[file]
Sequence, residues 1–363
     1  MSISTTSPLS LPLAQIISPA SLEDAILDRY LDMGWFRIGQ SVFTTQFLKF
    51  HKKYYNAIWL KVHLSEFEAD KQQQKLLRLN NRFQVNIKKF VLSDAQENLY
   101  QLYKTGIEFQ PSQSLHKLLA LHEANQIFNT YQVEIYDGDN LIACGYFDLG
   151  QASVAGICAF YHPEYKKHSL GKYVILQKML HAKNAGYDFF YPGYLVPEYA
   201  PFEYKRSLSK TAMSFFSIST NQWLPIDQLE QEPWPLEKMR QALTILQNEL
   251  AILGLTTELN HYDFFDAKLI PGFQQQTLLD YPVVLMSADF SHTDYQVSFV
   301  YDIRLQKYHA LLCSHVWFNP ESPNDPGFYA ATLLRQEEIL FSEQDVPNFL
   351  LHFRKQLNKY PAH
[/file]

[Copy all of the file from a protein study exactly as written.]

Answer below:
Sequence, residues 1–363
     1  MSISTTSPLS LPLAQIISPA SLEDAILDRY LDMGWFRIGQ SVFTTQFLKF
    51  HKKYYNAIWL KVHLSEFEAD KQQQKLLRLN NRFQVNIKKF VLSDAQENLY
   101  QLYKTGIEFQ PSQSLHKLLA LHEANQIFNT YQVEIYDGDN LIACGYFDLG
   151  QASVAGICAF YHPEYKKHSL GKYVILQKML HAKNAGYDFF YPGYLVPEYA
   201  PFEYKRSLSK TAMSFFSIST NQWLPIDQLE QEPWPLEKMR QALTILQNEL
   251  AILGLTTELN HYDFFDAKLI PGFQQQTLLD YPVVLMSADF SHTDYQVSFV
   301  YDIRLQKYHA LLCSHVWFNP ESPNDPGFYA ATLLRQEEIL FSEQDVPNFL
   351  LHFRKQLNKY PAH